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Preen your green

In Australia, The LifeStyle Channel's head of programming and production Trevor Eastment and his team are working on green programming, a genre he thinks 'has been done extraordinarily badly up until this point,' especially with its use of scare tactics. 'There are a lot of these shows where teams of people go into houses and they're dressed like antiterrorist squads. They look really frightening and I think that's a really dopey way of trying to sell something to people.
January 1, 2008

In Australia, The LifeStyle Channel’s head of programming and production Trevor Eastment and his team are working on green programming, a genre he thinks ‘has been done extraordinarily badly up until this point,’ especially with its use of scare tactics. ‘There are a lot of these shows where teams of people go into houses and they’re dressed like antiterrorist squads. They look really frightening and I think that’s a really dopey way of trying to sell something to people.

‘You’ve got to make stuff nice and better for people to want to do it. Rather than asking ‘Is your house killing you?’ I think ‘Could your house be healthier?’ might be more appealing.’

Mary Ellen Iwata, VP of program and talent development at HGTV, acknowledges that green is very big this year – and HGTV has aired a few green-themed programs – but she wonders about the longevity of this type of programming.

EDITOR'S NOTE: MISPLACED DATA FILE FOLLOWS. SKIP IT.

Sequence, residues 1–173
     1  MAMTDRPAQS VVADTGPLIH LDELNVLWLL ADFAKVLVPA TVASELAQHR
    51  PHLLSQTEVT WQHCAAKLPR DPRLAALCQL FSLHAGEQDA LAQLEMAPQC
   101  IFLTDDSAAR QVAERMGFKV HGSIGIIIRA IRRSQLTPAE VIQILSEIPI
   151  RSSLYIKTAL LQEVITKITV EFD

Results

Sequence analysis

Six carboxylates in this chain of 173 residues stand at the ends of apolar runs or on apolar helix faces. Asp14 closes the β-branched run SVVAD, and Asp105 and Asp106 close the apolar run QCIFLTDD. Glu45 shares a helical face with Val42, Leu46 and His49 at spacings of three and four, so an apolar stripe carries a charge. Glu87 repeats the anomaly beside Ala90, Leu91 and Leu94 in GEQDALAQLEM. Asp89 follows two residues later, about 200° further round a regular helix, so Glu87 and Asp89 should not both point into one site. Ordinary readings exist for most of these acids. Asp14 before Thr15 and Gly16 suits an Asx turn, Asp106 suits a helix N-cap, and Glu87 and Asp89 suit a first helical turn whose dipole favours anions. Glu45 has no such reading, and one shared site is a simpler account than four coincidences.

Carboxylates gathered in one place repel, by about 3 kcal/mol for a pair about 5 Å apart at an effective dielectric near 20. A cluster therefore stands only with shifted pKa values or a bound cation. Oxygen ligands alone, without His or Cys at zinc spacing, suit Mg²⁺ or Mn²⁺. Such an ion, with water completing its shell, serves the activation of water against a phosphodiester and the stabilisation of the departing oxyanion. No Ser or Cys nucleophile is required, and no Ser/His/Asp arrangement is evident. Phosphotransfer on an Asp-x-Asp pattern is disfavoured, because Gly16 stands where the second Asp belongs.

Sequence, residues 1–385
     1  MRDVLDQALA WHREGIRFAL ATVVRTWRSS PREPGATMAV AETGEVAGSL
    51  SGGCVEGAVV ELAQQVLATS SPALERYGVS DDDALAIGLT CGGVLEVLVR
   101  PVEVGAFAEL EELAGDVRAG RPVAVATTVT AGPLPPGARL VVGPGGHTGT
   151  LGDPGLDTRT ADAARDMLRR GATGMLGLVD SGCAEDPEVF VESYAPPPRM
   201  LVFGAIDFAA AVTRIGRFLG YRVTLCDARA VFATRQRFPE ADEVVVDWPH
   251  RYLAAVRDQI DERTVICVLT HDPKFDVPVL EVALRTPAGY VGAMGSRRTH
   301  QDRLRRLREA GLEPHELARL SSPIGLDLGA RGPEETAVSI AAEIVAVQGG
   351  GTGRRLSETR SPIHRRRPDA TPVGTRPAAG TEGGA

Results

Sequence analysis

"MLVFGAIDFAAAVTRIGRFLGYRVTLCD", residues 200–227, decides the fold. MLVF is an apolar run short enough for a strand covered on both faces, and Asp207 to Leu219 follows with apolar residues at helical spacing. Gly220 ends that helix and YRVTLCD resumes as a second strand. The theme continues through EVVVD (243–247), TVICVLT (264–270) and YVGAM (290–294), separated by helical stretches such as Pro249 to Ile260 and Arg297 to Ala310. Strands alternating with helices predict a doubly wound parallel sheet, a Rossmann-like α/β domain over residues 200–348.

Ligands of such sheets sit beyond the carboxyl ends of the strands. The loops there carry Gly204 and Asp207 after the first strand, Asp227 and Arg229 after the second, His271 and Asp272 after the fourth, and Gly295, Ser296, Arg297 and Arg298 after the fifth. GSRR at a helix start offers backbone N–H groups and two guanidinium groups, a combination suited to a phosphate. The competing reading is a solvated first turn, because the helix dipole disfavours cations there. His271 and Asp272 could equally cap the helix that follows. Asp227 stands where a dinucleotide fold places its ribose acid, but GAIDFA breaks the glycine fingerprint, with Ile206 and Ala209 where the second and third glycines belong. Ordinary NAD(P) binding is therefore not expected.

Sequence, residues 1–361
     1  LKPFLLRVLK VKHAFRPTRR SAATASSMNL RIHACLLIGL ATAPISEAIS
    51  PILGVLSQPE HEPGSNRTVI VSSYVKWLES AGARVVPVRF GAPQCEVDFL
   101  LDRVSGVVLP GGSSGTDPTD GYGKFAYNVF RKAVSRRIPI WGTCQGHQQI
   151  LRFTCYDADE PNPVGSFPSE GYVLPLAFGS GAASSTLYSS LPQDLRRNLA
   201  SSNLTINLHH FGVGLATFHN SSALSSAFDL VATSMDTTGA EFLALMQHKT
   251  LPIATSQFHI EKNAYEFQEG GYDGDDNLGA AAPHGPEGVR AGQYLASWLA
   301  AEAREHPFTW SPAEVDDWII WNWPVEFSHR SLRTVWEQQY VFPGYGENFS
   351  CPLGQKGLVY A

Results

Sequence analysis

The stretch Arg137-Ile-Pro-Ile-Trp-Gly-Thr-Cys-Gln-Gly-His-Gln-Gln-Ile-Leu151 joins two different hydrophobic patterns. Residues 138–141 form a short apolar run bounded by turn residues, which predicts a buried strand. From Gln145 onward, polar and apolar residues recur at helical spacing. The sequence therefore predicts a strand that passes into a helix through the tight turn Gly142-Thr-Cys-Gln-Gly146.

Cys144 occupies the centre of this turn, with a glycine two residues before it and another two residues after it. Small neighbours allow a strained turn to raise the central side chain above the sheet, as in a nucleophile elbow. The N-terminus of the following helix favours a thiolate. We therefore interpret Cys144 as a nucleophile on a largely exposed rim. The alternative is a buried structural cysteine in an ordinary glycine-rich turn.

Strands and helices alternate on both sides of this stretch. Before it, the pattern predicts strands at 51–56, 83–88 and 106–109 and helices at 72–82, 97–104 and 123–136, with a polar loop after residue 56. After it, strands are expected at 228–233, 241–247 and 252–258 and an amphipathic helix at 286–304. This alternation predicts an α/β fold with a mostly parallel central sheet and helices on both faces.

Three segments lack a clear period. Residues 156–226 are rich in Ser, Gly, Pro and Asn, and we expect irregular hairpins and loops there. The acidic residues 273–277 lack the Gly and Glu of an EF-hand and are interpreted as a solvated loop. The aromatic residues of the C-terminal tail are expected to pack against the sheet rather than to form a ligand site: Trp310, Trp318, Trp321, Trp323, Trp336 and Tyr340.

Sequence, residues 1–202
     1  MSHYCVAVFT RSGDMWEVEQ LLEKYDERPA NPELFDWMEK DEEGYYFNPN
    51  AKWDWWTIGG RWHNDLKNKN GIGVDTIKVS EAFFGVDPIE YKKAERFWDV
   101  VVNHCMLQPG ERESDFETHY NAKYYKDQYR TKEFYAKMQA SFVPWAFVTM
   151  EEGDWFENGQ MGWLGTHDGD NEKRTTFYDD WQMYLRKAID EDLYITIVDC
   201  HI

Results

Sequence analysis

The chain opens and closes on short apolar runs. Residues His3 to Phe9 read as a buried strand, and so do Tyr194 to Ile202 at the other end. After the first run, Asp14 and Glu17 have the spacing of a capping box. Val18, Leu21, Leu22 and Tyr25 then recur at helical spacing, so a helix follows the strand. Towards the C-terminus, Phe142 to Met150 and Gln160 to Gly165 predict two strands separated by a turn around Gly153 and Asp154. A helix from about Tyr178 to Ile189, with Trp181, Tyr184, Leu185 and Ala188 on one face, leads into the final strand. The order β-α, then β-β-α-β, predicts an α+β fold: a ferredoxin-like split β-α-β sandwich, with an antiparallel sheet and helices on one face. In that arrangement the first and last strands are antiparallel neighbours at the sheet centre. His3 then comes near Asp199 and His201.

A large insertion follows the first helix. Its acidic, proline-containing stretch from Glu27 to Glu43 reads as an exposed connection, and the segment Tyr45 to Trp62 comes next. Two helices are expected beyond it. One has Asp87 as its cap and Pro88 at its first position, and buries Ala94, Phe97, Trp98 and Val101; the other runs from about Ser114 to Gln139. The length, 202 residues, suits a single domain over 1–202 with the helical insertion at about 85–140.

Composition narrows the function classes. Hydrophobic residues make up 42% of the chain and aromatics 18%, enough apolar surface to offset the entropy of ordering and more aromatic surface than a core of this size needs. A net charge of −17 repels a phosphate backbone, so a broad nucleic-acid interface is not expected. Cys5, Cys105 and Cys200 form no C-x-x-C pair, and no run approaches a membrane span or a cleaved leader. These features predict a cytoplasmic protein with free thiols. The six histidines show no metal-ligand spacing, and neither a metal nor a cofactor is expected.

‘We’re going to wait and see if people are really watching it, or is everybody just talking about it?’ asks Iwata. ‘It’s become a huge press and news thing, but are people really going to want to do this and hear about it on a regular basis, or are they just going to move onto the next thing?’

About The Author
Managing editor with realscreen publication, an international print and online magazine that covers the non-fiction film and television industries. Darah is an award-winning journalist who has spent over two decades covering a wide range of issues from real estate and urban development to immigration, politics and human rights, primarily with The Vancouver Sun. Prior to joining realscreen, she was editor of Stream Daily, realscreen's sister publication covering the dynamic global digital video industry. She also served a stint as a war reporter in Afghanistan for television and print, and was a national business blogger with Yahoo Canada.

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